It wasn’t all that difficult writing from another perspective different from her own. She grew up right outside of Union City, New Jersey, which is predominantly Cuban, and then her parents moved to Miami, which is also very Cuban. So she feels like she has been around Cuban people, surrounded by them, and she felt more culturally aligned with them than she did even with Colombian people, since they were the minority by far in each place.

So she was able to draw upon the experiences of people that she had grown up with, friends, people that she went to school with. However she could only draw on the people that she knew and their experiences, so she certainly doesn’t want to make some claim that she is talking to a larger Latin or Cuban-American experience, since everything that happens in the novel is very specific to Ariana and Carmen and their whole entire crazy clan.

She never got to have a quince, but she was fascinated by them. Any kind of party situation has the ability to bring out the worst and best in every family, they are just rife with drama. Monica believes quinceaneras are this odd in-between period for a young woman. She is a girl, she is supposed to be seen as a woman, yet just how willing is the family to see the girl that’s growing into womanhood as a woman?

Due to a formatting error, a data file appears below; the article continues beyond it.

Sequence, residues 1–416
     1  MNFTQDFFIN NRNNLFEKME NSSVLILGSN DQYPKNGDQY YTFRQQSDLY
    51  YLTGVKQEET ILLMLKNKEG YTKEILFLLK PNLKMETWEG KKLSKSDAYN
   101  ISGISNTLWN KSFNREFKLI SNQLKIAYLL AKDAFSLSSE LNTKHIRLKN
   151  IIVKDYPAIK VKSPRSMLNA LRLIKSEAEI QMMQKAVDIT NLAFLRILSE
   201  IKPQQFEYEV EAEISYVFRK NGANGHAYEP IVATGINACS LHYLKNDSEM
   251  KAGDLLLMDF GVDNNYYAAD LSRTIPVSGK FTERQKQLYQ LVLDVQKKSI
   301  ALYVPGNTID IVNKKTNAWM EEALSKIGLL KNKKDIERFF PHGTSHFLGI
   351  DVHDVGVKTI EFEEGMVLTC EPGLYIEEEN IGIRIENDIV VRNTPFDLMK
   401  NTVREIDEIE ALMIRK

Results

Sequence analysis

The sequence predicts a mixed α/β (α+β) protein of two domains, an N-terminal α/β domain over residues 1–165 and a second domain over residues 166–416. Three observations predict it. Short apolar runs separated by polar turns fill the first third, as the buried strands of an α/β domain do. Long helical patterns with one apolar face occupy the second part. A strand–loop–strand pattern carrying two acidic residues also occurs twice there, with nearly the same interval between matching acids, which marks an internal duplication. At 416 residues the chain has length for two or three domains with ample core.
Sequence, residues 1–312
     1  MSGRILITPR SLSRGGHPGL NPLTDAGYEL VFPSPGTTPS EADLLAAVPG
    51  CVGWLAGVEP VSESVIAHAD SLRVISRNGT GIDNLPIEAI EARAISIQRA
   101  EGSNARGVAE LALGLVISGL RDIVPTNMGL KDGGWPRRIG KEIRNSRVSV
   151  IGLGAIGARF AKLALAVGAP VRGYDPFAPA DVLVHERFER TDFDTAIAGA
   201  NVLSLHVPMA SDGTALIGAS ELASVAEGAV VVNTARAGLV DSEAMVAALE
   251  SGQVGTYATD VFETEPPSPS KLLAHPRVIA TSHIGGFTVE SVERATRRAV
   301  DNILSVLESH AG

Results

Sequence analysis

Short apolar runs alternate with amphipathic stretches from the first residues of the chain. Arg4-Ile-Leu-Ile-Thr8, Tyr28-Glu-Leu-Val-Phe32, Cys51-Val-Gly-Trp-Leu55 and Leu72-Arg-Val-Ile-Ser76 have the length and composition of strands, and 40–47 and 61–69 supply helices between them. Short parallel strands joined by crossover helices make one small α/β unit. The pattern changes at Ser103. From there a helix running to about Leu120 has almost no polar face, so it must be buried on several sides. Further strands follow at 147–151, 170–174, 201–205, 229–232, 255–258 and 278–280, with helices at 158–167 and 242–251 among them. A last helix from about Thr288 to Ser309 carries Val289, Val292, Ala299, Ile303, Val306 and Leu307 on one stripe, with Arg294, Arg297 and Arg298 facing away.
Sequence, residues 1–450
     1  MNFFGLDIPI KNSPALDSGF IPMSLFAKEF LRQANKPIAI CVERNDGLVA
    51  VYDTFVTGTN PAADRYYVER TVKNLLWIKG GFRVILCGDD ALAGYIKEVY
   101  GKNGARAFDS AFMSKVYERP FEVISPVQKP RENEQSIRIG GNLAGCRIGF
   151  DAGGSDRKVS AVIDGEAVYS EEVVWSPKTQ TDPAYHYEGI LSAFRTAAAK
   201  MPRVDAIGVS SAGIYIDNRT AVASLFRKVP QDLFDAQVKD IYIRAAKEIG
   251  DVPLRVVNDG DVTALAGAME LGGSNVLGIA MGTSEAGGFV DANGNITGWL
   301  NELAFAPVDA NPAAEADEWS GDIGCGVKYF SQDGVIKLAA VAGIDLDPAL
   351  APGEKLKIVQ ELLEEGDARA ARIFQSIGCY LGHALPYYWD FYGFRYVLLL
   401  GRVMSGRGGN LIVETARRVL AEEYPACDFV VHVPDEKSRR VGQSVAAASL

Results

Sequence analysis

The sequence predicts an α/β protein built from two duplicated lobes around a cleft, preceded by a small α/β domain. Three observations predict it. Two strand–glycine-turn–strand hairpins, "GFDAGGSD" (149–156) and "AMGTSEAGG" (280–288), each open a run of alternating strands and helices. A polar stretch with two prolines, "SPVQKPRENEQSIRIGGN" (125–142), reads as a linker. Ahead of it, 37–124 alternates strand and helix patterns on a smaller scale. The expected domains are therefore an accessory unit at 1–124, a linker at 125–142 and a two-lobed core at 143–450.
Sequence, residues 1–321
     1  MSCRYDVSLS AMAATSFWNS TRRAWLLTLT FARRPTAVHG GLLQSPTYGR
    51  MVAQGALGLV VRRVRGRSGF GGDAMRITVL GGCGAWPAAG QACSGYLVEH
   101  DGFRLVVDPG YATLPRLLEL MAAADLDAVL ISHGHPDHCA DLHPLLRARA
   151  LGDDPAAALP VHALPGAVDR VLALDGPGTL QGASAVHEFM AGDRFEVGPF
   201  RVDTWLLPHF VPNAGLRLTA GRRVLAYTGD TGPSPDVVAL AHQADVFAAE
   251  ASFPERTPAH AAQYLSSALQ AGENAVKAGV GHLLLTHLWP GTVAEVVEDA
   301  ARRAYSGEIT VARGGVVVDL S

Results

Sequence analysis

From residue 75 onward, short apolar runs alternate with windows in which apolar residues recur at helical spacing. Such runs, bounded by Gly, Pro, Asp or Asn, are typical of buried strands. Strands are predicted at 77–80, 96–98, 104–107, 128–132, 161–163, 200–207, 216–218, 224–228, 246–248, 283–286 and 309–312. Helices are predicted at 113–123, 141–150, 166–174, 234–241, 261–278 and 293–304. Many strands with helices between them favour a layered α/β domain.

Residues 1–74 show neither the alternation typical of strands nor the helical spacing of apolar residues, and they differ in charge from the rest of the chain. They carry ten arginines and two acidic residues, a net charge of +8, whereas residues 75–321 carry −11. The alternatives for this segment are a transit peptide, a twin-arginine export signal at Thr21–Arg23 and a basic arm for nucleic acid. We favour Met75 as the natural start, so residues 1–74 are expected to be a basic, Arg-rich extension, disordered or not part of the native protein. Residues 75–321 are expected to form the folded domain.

And the parties starting so much more elaborate over time and that was fascinating to her. It went from a very simple wear the white dress, have a mass with your family, and then have a party. Nowadays there are themes, there’s fireworks, and there are Disney cruises which are only for quinceaneras! And she knew that there was a story to tell there.

Monica’s fascination with quinceaneras started when she went to one for the very first time while she was an English major at Wellesley College. The spectacle of the fifteen year old’s party amazed the then aspiring author. They had a smokescreen, and then wheeled her out, and she was in this giant flower. The flower opened slowly, and she rose out of the flower. Monica never had such a party like this.